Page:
Graphic Novels on the Saints from Pauline Books & Media

I have to hand it to the folks at Pauline Books and Media: they continue to delight me with the products they send me.

When I see the brown envelope in my mailbox, addressed so politely to “Mrs. Sarah Reinhard,” I always know there’s a treat inside. And late last week, what should arrive but…


(Yes, it warrants all caps. Really.)

There’s a series of four planned, and the first two have been released: Saint Ignatius of Loyola: Leading the Way and Saint Francis of Assisi: Messenger of Peace. I showed them to my eight-year-old and promptly hid them, because I want to read them first before they are shuffled into the bowels of her book organization.

They’re beautifully done and they remind me of the Picture Bible that planted the seeds of the love of the Word of God in me when I was a child.

They’re designed for ages 8-10 (through 36, I think) and were written based on historical records. And the artwork! The artwork!

Next in the line-up: graphic novels about Saint Joan of Arc and Saint Bernadette. Why yes, I am reallllly looking forward to those! (And so is my daughter. But I may or may not tell her when they arrive…)

Here’s a bit about each of the two books they’ve just released:

Saint Ignatius of Loyola: Leading the Way

In the year 1491, in the Spanish town of Azpeitia, the Lord of Loyola and his wife give birth to a son, Ignatius. Growing up to serve the royal court of Castile and fight as a knight against the French, Ignatius seems to be fulfilling his dream of living like the men described in his chivalry and romance books. But when he starts reading about the life of Christ and the lives of the saints, he starts to feel unfulfilled by his current ways…

What causes Ignatius to reconsider his lifestyle? Will he continue his military career? Or will he discover how to be a very different kind of “soldier?”

Saint Francis of Assisi: Messenger of Peace

In the year 1181, in the Italian city of Assisi, a rich merchant and his wife give birth to a son, Francis. Francis grows up living a carefree life of luxury and extravagance, much to his parents’ dismay. When war breaks out between the cities of Assisi and Perugia, Francis-enchanted by his dreams of knighthood, longing for chivalrous adventure, and quest for military glory-eagerly joins the fight. But when Francis is taken prisoner and becomes very sick, something inside him begins to stir…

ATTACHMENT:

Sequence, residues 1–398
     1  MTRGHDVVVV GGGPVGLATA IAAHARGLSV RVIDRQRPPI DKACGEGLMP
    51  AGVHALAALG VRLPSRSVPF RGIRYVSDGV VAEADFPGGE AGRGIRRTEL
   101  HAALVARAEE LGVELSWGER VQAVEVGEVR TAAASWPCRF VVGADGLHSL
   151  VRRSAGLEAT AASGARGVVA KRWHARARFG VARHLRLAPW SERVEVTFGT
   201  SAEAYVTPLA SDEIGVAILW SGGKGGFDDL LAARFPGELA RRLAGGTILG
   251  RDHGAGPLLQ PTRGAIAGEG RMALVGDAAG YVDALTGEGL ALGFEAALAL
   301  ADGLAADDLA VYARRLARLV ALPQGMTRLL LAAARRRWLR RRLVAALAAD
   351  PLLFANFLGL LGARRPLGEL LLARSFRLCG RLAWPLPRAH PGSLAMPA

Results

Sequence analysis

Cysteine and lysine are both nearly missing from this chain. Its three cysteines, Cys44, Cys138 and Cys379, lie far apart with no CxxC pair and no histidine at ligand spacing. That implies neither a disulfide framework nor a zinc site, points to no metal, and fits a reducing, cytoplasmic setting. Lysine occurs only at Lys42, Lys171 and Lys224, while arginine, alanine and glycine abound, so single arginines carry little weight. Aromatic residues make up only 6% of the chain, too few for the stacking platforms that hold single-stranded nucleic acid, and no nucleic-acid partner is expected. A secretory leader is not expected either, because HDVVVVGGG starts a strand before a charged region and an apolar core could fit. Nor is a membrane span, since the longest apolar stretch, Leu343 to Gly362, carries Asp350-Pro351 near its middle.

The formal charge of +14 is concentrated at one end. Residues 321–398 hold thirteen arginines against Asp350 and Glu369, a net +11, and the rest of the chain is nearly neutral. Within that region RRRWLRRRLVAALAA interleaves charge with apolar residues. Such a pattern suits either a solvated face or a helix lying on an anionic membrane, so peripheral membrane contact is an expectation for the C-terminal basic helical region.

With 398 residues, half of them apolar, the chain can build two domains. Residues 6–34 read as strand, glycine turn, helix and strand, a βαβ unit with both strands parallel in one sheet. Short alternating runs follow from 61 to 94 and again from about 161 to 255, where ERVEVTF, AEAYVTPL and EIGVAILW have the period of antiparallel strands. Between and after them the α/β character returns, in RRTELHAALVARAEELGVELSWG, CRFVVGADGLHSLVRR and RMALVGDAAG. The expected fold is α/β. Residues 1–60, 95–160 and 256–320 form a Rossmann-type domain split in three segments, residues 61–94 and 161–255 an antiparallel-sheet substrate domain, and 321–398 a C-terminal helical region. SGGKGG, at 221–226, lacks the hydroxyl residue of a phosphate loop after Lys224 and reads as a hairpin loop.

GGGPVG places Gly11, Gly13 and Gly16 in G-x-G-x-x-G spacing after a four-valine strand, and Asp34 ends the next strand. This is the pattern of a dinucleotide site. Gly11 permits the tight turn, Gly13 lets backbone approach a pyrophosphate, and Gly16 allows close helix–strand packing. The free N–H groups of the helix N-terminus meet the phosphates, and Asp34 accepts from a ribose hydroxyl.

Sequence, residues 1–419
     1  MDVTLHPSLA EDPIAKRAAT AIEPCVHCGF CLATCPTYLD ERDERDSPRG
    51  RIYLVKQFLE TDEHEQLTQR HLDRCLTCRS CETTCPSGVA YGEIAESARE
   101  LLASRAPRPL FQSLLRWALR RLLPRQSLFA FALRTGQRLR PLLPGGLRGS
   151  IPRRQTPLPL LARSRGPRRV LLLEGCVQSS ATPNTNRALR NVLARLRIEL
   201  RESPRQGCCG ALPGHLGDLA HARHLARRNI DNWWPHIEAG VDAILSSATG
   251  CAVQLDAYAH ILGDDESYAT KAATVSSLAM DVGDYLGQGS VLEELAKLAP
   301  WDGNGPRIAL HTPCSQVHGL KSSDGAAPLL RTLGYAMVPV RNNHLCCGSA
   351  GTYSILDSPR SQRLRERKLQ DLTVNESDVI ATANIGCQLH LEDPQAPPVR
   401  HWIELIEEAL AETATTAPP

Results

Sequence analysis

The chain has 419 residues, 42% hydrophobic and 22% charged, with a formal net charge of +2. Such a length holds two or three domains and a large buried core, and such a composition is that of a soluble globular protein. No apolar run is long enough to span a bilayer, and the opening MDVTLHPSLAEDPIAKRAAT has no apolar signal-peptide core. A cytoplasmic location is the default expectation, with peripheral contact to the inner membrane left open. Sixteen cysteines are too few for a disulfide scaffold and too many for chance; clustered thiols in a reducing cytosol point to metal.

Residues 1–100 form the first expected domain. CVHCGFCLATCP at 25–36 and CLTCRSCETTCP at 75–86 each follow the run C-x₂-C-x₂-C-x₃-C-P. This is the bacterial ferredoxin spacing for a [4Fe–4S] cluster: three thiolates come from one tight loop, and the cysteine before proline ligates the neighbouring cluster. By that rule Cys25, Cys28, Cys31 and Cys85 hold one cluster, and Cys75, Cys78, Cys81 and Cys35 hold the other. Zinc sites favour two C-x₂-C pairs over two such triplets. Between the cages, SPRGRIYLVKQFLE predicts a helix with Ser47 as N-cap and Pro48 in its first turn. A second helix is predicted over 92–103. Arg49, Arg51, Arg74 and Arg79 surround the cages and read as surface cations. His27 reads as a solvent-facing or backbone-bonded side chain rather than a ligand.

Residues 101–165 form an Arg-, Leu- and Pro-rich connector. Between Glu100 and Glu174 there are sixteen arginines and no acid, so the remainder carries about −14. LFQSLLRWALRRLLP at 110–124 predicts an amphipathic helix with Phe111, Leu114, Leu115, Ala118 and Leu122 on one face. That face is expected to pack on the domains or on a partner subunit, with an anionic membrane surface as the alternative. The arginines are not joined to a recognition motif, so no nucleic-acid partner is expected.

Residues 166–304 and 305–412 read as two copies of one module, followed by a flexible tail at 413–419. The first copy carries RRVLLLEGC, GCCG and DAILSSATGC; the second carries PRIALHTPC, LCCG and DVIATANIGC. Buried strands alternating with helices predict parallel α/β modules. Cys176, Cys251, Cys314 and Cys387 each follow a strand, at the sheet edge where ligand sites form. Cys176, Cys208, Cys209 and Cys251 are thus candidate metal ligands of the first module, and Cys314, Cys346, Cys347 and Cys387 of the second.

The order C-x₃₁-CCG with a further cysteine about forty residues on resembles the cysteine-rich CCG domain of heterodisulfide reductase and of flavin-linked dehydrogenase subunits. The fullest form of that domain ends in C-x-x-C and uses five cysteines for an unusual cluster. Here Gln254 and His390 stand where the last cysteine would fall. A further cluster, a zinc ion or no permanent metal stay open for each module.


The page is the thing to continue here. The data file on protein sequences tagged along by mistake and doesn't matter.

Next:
What causes Francis to rethink his ways? Is this military path the one he is supposed to follow? Or is he supposed to deliver a message other than war?

About Sarah Reinhard

Looking for Sarah Reinhard? Chances are she's hiding from her kids with her nose in a book...which is just too bad for the housework and cooking. Her greatest delight of late is how her kids are becoming bigger bibliophiles than she is. (And she's really only a beginner and a hack at that.) She’s online at,, and is the author of a number of books.

  • Rebecca Fuentes

    I remember having a comic book of the Life of St. Francis and another of the Life of Pope John Paul II when I was younger. I’m so glad to see these around again. I hope they highlight the lives of some of the lesser-known saints, too, as time goes on.

    • Sarah Reinhard

      Yeah, I hope so too, Rebecca. I hope it becomes a long line of books…they’re really beautiful!

  • Adam Frey

    Well, the art looks alright. The font on the text looks too “regular,” though–presumably it was done through a computer. That may sound weird, but the lettering in mainstream comics tends to look more “natural,” as though an actual human hand had penned it. (Most comic lettering at Marvel and DC *is* done on computer, but it’s more “human” looking–if that makes sense–so it’s a little more pleasing to the eye.)
    I’d recommend tracking down “The Big Book of Martyrs” if it can be found–it’s well over a decade old. It was done by Paradox Press, a subset of DC Comics, and deals exclusively with Catholic martyrs from the Holy Innocents to Edith Stein. Each is in a different art style, so some may appeal visually where others won’t. It does portray violence that the Saints suffered, but not egregiously so, and there’s no nudity.

    • Sarah Reinhard

      OK, Adam, I am TRACKING THAT DOWN! Thanks so much for the lead.

      Interestingly, about the time I got these, I started reading the old Picture Bible to my girls. They are on the edge of their seats every night when I say “that’s all for tonight,” and I can see what you’re saying about the hand-lettering. Thanks again!

  • David Clar

    I’m no big fan of religious biographies but I will give it a try this time. Sounds interesting to me.